Could You Solutionize That For Me? When Clients' Dumbest Requests Become Art

Creatives turn their workplace face-palms into art for a good cause.

Ah, the relationship between creative professional and client. A give and take ballet as old as commerce. Caricatures abound on both sides. On one side you’ve got the "suit"—the sausage-fingered, short-sighted philistine whose imagination is as limited as his power to make meaningful decisions on the direction of a project. On the other side you’ve got the "creative"—the self-involved, petulant hipster who just wants to satisfy her ego and pad her portfolio, business results be damned. Of course these are mythical extremes. And yet… Like all cliches, there is some truth at the heart of the cartoon. There’s no arguing that tensions arise when a client, who has presumably paid an agency or other creative entity for the creative skills and opinions of its staff attempts to then insert his or her own creative directives (and limitations) into the process. "Make the logo bigger" is the ur Bad Client dictum, but every "creative" has her own favorite.

Irish creative team Mark Shanley and Paddy Treacy recently orchestrated a lemonade-making sort of project that turns clients’ less informed requests into art. The pair asked ad agency creatives, designers, animators, directors, illustrators, and other creative types to take their "favorite" client comments and turn them into posters. Under the banner "SharpSuits," the group organized and exhibited the posters at a Dublin gallery, with all proceeds going to the Temple Street Children’s Hospital.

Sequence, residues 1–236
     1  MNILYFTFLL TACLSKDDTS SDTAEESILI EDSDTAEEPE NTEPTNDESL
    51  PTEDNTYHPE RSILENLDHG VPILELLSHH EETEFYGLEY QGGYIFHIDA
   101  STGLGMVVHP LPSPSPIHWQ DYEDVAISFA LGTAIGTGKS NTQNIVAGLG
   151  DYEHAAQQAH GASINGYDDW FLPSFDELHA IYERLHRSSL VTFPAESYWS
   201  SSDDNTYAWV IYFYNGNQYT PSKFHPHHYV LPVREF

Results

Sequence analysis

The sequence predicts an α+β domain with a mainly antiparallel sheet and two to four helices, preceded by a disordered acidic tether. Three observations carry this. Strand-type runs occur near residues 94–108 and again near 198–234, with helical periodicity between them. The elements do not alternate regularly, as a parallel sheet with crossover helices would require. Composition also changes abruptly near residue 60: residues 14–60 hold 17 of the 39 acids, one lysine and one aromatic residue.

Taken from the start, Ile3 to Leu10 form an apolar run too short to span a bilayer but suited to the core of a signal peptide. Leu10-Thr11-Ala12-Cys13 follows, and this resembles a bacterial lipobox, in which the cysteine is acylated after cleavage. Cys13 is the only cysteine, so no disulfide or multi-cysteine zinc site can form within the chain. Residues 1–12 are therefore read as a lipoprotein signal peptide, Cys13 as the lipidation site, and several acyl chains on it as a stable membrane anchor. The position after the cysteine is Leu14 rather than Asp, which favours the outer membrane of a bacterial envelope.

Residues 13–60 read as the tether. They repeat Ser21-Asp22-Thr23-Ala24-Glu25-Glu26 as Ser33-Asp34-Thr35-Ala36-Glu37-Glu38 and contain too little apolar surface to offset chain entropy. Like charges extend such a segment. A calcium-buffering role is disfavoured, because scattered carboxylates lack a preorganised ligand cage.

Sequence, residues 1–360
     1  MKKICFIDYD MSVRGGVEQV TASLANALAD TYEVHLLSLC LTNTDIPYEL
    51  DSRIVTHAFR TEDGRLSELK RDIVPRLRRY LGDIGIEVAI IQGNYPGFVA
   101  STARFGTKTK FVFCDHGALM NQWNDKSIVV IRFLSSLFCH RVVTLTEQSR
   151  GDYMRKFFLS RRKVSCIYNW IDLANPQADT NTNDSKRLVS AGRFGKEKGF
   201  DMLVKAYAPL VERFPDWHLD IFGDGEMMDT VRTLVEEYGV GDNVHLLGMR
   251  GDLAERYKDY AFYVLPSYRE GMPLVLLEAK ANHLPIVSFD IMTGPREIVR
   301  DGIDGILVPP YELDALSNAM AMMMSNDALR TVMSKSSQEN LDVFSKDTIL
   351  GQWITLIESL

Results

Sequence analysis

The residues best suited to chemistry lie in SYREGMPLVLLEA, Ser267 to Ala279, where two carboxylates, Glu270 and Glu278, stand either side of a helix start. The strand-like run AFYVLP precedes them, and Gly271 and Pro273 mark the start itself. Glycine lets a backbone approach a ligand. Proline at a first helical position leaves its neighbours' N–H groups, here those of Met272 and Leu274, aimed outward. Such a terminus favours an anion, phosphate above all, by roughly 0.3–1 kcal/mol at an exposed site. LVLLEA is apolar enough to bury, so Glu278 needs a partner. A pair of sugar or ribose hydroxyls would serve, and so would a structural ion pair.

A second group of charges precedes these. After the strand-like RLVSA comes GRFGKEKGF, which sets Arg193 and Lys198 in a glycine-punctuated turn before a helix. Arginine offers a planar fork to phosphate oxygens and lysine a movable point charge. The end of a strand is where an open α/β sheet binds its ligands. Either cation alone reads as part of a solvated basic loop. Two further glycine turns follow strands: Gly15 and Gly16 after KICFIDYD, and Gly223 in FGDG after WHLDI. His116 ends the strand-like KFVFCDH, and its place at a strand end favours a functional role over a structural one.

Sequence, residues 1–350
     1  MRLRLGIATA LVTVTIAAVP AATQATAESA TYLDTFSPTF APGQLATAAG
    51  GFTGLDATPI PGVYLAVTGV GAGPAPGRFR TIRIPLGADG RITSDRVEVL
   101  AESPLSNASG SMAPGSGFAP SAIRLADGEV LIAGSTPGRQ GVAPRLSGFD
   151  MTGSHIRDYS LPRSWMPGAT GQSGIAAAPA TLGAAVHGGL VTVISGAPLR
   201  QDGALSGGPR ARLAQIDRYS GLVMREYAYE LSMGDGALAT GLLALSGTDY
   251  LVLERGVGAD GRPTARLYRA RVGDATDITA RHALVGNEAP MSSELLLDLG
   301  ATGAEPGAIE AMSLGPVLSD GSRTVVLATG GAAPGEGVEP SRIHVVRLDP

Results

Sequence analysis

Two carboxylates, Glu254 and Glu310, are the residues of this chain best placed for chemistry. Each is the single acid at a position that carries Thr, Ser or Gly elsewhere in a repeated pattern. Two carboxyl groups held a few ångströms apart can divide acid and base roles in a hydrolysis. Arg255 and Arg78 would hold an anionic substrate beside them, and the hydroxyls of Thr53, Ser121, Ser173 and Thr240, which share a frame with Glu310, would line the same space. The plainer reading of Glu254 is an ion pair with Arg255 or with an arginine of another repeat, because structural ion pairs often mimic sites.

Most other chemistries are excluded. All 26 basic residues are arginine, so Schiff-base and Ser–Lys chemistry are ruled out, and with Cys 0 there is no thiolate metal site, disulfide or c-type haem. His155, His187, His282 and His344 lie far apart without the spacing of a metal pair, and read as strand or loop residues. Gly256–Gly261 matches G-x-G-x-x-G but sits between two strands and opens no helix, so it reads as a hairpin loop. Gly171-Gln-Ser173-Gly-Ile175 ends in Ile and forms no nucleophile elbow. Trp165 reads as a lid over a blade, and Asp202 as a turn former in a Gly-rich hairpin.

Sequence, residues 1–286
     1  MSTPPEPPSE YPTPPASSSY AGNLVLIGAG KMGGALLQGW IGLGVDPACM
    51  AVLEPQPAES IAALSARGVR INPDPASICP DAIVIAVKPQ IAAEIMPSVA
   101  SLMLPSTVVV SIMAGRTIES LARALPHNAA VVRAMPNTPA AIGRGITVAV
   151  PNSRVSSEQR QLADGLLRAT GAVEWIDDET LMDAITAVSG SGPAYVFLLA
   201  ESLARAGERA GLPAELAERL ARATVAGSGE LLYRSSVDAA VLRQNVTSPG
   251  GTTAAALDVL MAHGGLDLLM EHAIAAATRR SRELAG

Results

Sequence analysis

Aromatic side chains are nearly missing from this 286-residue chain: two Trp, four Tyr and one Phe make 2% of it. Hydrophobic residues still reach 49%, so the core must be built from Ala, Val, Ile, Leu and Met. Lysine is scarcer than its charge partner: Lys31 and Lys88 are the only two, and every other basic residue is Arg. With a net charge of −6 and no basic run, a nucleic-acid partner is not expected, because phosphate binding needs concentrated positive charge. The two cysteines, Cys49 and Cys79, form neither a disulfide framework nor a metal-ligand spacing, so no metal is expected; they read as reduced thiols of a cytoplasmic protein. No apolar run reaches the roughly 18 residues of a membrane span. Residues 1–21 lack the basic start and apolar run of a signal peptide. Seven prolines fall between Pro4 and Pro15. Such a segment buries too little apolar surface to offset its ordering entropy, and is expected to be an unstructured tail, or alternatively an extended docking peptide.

According to Treacy, all the comments you see are real. And as for client feedback on the project: "Nobody’s said anything yet. But we presume we’re fired," says Treacy. "That’s why we kept all submissions anonymous."

And, not for nothing, Treacy also acknowledges that clients are hardly alone in being occasionally intolerable. "Creatives are as bad as everyone else. Maybe worse! To photographers, directors, illustrators etc, we’re the client and we come out with this crap all the time. Last week I heard myself asking a voice-over artist to "go again, I can’t hear the smile".

Take a look at some of the client comments above.

Next week: the clients’ revenge? (Come on clients, you know you want to submit some of your own bonehead creatives’ comments).

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  • Mario Donquilab

    Its like answering a question: "That's a good question but i don't know the answer"

  • Shelley

    How about this one - "I"ll leave it to you, you are the professionals - but can you change this ... And this ... And this ..."

  • Tiana Kai

    This is amazing! Such a great and fun project. Every client should hang a poster in their board room.

  • Guest

    I'd like to add:
    "It needs to POP more!"

    /heads off to make own poster for office...

  • Corinne Meier

    Too funny and just the tip of the iceberg of the types of questions they ask. The worst is having to explain how the internet works, but then again if there wasn't Google ----oh wait, even though does Google indeed exists....we still have full blown business opportunity. Many businesses exist - including the entire school system past the grade you learn how to read...its not going to be long though until LMGI becomes mainstream...

  • Inese Smidre

    This is brilliant - would be great to have the 'other side of the coin' collection of rubbish that comes from the agency side.

    I've certainly come across the 'can we make the [cow] sexy' conundrum.